US, Seychelles militaries partner to hone search, rescue procedures
Combined Joint Task Force-Horn of Africa service members assigned to the 81st and 82nd Expeditionary Rescue Squadrons recently completed a week-long joint military training engagement alongside the Seychelles Air Force and Coast Guard where best medical and search and rescue operations practices were shared.
The event was divided into several classroom learning sessions and culminated with a joint training exercise that offered all attendees an opportunity to use the skills they'd learned.
"The training focused on a variety of subjects," said U.S. Air Force Capt. Desautels, CJTF-HOA Personnel Recovery Coordination Center director. "We covered everything from basic medical procedures like CPR and improvised splinting techniques, to detailed search and rescue procedures, fundamentals of air and rescue drops, and water survival."
According to U.S. Air Force Staff Sergeant Owens, 82 ERQS survival, evasion, resistance and escape specialist, this exercise was intended to expand their knowledge of search and rescue, planning, and command and control operations.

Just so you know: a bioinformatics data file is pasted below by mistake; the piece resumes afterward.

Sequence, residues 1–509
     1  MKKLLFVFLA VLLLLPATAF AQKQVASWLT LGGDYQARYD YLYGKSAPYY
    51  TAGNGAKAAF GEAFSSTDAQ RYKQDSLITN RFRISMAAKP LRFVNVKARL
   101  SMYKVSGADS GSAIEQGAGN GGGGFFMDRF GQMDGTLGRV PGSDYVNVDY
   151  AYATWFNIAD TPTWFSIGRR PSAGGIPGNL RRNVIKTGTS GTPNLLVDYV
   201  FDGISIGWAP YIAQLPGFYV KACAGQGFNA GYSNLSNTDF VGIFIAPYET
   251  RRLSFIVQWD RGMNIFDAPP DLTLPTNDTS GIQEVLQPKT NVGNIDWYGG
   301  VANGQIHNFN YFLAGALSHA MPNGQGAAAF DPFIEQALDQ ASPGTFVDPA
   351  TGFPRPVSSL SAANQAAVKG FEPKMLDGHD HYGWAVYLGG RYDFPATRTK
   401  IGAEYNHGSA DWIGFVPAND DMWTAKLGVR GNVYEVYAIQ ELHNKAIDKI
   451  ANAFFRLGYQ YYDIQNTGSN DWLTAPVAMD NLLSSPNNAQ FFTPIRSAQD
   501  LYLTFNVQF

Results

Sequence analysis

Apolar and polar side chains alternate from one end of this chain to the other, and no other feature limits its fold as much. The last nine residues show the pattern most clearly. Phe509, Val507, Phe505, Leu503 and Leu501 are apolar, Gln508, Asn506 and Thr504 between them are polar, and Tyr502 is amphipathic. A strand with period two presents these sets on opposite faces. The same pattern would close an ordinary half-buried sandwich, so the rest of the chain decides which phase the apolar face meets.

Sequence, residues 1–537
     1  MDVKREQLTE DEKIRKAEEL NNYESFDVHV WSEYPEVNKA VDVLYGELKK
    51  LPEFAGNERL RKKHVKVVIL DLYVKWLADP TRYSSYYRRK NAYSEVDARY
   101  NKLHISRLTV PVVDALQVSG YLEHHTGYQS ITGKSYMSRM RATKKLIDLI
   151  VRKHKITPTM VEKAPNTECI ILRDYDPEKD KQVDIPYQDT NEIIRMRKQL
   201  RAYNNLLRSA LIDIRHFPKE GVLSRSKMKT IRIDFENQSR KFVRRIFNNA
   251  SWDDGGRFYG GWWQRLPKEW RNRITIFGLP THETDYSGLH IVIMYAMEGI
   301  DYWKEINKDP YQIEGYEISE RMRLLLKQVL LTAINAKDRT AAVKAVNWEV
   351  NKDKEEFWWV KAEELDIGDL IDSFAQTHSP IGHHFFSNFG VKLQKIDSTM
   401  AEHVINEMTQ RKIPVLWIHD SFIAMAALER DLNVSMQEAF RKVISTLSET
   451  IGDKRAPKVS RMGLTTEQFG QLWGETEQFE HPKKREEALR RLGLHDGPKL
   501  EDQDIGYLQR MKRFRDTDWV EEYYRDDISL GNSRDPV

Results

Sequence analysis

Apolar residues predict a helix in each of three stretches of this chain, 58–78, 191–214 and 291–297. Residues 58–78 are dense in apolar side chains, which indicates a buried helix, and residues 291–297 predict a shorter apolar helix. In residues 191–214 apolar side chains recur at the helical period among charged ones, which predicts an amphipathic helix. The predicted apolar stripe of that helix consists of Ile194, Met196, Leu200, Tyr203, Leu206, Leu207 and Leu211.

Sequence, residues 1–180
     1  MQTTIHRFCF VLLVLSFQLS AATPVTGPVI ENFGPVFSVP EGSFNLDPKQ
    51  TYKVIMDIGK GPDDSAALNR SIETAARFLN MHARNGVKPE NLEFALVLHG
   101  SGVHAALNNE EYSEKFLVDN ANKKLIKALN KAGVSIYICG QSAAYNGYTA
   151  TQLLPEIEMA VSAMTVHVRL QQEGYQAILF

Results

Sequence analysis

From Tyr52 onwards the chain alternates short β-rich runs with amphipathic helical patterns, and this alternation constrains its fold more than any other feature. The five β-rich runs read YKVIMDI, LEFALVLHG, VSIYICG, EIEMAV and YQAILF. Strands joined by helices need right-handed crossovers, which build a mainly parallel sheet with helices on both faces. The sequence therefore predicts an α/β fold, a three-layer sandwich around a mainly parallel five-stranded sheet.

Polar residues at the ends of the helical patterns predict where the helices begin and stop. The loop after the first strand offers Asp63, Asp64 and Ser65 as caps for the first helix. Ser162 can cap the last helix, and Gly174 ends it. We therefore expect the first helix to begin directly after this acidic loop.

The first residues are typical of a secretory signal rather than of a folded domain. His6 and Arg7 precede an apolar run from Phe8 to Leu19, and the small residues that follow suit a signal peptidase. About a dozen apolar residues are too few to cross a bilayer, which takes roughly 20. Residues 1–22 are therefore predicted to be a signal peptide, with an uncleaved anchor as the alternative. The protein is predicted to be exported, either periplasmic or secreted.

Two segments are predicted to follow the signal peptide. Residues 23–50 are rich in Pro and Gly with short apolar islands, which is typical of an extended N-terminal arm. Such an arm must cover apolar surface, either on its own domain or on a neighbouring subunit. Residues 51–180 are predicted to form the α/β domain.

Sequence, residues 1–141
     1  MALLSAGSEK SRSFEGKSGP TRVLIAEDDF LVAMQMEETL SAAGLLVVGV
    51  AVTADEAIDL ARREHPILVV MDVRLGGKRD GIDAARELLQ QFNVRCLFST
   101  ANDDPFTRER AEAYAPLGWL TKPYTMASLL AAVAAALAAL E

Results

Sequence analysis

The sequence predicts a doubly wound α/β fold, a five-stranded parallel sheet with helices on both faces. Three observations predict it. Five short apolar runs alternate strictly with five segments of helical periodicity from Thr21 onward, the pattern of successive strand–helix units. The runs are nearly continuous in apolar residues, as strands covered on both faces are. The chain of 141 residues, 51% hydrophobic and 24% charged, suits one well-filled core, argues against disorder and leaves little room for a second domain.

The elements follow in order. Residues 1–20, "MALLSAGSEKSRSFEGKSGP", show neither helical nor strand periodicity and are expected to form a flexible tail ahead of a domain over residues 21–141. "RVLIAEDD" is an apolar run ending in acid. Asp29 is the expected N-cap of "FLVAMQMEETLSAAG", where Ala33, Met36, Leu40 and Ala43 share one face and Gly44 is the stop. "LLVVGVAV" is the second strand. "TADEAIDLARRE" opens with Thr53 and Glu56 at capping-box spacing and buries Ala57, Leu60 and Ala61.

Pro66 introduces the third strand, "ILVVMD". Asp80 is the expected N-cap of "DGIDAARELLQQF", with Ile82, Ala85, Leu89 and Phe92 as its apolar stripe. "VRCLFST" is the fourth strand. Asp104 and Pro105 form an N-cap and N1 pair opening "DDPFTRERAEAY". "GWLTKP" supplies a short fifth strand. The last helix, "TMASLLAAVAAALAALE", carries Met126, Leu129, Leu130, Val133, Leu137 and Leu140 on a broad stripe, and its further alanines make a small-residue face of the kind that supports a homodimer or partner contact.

"We're constantly training; and as a result, we've become very proficient at these operations," Owens said. "By sharing this information with our partner nations, we can help improve their general knowledge of the subject matter and enhance their ability to conduct these operations efficiently."
Another key aspect of the exercise was the partnership built between the SAF and the SCG.
"The Seychelles Air Force is still a relatively new addition to the Seychelles military," said Owens. "This exercise demonstrated the value of working with the coast guard and working as a team." The final evolution of the week simulated an aircraft crash and required the SAF and SCG to work together to locate the survivors and successfully complete the mission.
"Once the Maritime Rescue Coordination Center received notification of the crash, they contacted the SAF," Desautels said. "The SAF then had to locate the survivors from the air and relay that position to an SCG vessel, which would ultimately arrive to rescue the survivors."
"You can never have too many resources," Owens said. "This is especially true during a search-and-rescue operation where someone is depending on you to find them. By collaborating with one another, the SAF and the SCG will significantly improve their ability to locate missing personnel."
Joint operations like these enhance regional stability and strengthen the relationships between CJTF-HOA and its partner nations.
"The SAF and the SCG were very appreciative of the assistance we provided them during this exercise," Desautels said. "There is definitely potential for future operations."